The EPSG: 3857, WGS 84 / Pseudo Mercator in QGIS is called WGS84 Web Mercator (Auxiliary Sphere) in ArcGIS. You are simply not using the right projection.


3

You can try the Sort Tool. It can be used to sort by attribute, or more importantly for you, spatially. It allows you to pick which corner (i.e. upper right) to give priority when sorting.


3

Yes. Data Driven Pages were introduced at ArcGIS Desktop 10.0: Data Driven Pages allow you to quickly and easily create a series of layout pages from a single map document. A feature layer, or index layer, divides the map into sections based on each index feature in the layer and generates one page per index feature. arcpy.mapping was also ...


3

here is an intro to geodatabases http://www.acct2day.org/wp-content/uploads/2014/04/Geodatabase-an-Introduction.pdf http://help.arcgis.com/En/Arcgisdesktop/10.0/Help/index.html#//00050000000r000000 and to answer the final question, no you do not make a new one each time you make a new file (if i understand your question correctly)


3

An .mxd file specifies one particular way of rendering some data. The .mxd file references your data (by file name, by IP address, by URL, etc, depending on the data). But it does not contain the data. In the ArcGIS world, an .mxd file is often simply called "a map". (The acronym "MXD" stands for "map document".) And yes, you can create as many ...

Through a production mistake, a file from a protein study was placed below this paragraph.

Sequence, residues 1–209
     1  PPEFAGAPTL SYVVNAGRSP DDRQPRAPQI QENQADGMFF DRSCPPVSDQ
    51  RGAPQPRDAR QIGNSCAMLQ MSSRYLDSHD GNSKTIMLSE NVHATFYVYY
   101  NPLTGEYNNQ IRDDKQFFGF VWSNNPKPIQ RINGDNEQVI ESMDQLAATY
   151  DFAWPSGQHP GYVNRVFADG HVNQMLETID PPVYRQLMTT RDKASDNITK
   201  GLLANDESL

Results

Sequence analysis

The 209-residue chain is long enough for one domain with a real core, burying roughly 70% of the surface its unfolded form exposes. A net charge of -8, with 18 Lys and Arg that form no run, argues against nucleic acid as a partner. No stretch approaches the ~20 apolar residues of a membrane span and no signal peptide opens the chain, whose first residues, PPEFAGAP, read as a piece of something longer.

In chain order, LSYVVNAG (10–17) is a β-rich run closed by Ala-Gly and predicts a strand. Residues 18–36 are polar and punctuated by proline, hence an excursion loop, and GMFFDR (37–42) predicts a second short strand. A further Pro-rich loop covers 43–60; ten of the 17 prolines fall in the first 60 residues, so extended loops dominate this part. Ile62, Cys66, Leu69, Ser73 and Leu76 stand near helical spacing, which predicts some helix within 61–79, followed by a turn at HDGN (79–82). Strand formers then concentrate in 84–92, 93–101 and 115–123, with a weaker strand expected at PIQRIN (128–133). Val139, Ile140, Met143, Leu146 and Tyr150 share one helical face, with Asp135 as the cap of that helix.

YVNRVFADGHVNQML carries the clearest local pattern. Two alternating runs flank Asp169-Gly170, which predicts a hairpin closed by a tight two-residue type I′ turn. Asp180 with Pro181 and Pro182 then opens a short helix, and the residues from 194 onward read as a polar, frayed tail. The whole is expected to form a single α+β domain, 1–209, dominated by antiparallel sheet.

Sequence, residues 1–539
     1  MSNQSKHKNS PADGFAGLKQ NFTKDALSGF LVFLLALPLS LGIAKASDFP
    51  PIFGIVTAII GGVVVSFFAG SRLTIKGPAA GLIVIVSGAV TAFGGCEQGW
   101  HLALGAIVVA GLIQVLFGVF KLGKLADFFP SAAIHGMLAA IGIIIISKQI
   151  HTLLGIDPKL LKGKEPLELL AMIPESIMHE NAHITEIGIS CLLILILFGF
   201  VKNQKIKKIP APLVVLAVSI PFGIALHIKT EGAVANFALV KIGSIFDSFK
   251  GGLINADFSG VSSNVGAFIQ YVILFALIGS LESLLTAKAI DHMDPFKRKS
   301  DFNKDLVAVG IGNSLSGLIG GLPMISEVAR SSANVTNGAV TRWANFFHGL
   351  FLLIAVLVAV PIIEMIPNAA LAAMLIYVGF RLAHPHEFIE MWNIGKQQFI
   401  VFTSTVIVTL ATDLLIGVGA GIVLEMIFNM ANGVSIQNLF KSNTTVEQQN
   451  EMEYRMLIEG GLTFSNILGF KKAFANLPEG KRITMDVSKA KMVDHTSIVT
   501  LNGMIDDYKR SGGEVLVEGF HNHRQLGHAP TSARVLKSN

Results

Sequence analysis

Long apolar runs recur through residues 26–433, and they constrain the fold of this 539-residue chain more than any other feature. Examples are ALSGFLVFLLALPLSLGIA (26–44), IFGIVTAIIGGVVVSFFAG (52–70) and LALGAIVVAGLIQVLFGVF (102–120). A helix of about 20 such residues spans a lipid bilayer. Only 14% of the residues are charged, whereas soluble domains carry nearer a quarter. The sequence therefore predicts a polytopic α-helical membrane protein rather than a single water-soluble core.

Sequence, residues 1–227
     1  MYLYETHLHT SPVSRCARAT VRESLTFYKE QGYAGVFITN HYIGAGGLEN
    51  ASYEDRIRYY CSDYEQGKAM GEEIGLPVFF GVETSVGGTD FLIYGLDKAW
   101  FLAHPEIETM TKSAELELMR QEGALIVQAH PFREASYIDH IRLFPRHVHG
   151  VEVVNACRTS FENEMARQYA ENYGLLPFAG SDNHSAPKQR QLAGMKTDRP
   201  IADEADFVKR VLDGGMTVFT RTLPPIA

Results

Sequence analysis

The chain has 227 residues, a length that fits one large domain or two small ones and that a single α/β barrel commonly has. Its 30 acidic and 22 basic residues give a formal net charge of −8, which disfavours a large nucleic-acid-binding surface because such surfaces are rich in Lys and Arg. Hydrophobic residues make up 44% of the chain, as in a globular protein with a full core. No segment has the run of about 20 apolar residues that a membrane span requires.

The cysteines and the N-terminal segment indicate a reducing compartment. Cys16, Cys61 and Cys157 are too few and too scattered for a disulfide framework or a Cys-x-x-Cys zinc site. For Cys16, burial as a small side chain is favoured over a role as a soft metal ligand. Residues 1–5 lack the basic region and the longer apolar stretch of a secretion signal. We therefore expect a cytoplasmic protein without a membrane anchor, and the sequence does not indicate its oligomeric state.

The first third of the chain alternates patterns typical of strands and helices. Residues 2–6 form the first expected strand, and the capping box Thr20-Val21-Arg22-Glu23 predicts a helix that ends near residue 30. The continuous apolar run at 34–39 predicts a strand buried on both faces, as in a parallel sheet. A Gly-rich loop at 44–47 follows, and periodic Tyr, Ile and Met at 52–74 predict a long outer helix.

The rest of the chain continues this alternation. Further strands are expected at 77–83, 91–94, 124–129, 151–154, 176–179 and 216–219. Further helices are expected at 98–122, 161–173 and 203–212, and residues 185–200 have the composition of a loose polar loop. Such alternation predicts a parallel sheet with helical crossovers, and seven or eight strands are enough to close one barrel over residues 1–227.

3

One way of doing this is cloning the layer, using definition queries and labelling them separately, using upper-left only label position for the first layer and lower-left for second. Add THEFIELD type integer to layer and populate it using expression below: aList=[] def FirstOrOthers(shp): global aList key='%s%s' ...


3

Below is a partial solution, I'm sure some whizzy person can step in and finish this? This goes into the Advance label expression. Its not very efficient hence me asking about the number of points in your dataset. So for each row that gets labeled it builds 2 dictionaries d where the key is the XY and the value is the text and d2 which is the objectID and ...